UbuntuUbuntu Based

How To Install Consul Server on Ubuntu 22.04 LTS

Install Consul Server on Ubuntu 22.04

In this tutorial, we will show you how to install Consul Server on Ubuntu 22.04 LTS. Consul, a powerful service mesh and distributed networking tool, has become increasingly popular among developers and system administrators. It provides features such as service discovery, health checking, configuration management, and secure service communication.

This article assumes you have at least basic knowledge of Linux, know how to use the shell, and most importantly, you host your site on your own VPS. The installation is quite simple and assumes you are running in the root account, if not you may need to add ‘sudo‘ to the commands to get root privileges. I will show you the step-by-step installation of the Consul Server on Ubuntu 22.04. You can follow the same instructions for Ubuntu 22.04 and any other Debian-based distribution like Linux Mint, Elementary OS, Pop!_OS, and more as well.


  • A server running one of the following operating systems: Ubuntu 22.04, 20.04, and any other Debian-based distribution like Linux Mint.
  • It’s recommended that you use a fresh OS install to prevent any potential issues.
  • Access the terminal on your Ubuntu system, where we’ll execute the commands for a seamless Roundcube installation.
  • An active internet connection. You’ll need an internet connection to download the necessary packages and dependencies.
  • A non-root sudo user or access to the root user. We recommend acting as a non-root sudo user, however, as you can harm your system if you’re not careful when acting as the root.

Install Consul Server on Ubuntu 22.04 LTS Jammy Jellyfish

Step 1. To begin, update your Ubuntu system to ensure you have the latest packages and security patches. Open a terminal and run the following commands:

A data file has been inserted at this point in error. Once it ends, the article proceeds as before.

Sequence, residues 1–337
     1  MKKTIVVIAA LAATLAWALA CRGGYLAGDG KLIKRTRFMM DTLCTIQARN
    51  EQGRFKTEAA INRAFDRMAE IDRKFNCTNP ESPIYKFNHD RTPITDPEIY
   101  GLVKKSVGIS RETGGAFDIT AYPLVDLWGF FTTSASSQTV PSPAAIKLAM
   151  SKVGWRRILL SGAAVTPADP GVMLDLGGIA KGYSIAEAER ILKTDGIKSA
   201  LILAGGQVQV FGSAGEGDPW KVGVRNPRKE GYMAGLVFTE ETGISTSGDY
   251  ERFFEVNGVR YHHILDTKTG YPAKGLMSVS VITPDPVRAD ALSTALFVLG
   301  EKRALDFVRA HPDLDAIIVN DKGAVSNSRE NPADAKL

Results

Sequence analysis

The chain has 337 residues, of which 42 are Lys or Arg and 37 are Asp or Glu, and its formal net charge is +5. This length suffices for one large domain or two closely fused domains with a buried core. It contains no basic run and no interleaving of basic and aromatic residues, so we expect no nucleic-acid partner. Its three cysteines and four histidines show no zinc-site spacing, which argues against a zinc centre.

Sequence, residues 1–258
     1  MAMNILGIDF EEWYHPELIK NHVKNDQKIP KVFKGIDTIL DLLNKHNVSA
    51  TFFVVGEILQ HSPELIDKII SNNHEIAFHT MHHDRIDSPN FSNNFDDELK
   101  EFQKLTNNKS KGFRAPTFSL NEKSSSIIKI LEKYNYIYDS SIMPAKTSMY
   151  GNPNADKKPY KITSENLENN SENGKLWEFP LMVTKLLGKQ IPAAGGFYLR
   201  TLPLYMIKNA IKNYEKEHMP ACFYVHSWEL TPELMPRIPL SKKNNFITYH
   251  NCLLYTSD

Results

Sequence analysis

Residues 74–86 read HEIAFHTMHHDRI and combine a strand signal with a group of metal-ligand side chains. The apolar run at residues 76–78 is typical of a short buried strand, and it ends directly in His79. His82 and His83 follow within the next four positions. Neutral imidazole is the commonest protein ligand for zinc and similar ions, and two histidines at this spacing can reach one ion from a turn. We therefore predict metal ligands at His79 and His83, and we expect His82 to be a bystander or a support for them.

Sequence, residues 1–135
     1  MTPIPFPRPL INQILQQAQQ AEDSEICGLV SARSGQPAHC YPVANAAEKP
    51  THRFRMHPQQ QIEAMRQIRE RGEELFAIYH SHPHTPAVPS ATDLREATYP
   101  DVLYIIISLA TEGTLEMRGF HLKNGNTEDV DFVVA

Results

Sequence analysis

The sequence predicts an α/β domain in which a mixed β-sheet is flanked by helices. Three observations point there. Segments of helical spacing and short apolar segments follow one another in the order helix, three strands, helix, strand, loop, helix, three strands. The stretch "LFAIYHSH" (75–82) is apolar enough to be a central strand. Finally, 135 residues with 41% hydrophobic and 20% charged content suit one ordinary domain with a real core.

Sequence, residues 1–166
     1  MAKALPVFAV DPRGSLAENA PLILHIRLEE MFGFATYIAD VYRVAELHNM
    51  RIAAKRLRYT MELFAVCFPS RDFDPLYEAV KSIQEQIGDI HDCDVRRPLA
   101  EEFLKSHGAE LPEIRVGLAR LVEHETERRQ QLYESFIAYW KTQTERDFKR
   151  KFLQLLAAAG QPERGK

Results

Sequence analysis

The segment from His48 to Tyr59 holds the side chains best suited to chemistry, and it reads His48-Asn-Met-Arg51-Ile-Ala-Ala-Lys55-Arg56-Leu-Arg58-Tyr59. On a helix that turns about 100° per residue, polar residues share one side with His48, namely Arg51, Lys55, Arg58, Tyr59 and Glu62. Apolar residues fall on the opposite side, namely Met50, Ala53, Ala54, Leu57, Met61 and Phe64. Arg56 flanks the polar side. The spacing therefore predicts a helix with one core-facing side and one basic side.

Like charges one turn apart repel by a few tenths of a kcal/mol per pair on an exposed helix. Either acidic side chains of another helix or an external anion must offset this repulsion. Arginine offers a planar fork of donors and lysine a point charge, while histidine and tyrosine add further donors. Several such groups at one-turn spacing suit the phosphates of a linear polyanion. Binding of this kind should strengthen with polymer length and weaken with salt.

sudo apt update
sudo apt upgrade

These commands will refresh the package index and upgrade any outdated packages to their latest versions.

Step 2. Installing Dependencies.

Consul requires a few dependencies to function properly. Install them by executing the following command:

sudo apt install unzip curl gnupg

Step 3. Installing Consul Server on Ubuntu.

To ensure the authenticity of the Consul package, add HashiCorp’s GPG key to your system’s trusted keys. Run the following command to download and add the key:

curl -fsSL https://apt.releases.hashicorp.com/gpg | sudo apt-key add -

Next, add the official HashiCorp Linux repository for Ubuntu to your system’s package sources. This will allow you to install and update Consul using the apt package manager. Execute the following command:

sudo apt-add-repository "deb [arch=amd64] https://apt.releases.hashicorp.com $(lsb_release -cs) main"

After adding the repository, update the package index to include the newly added source:

sudo apt update

With the HashiCorp repository added and the package index updated, you can now install Consul. Run the following command:

sudo apt install consul

To verify the installation, run:

consul version

If the installation was successful, you should see the version number of Consul printed in the terminal.

Step 4. Configure Consul Server.

To set up Consul as a server, you need to create a configuration file. Start by creating a directory to store the configuration:

sudo mkdir /etc/consul.d

Open a new configuration file using your preferred text editor:

sudo nano /etc/consul.d/server.hcl

Add the following configuration to the file:

datacenter = "dc1"
data_dir = "/opt/consul"
server = true
bootstrap_expect = 1
ui_config {
enabled = true
bind_addr = ""
client_addr = ""
advertise_addr = "{{ GetInterfaceIP \"eth0\" }}"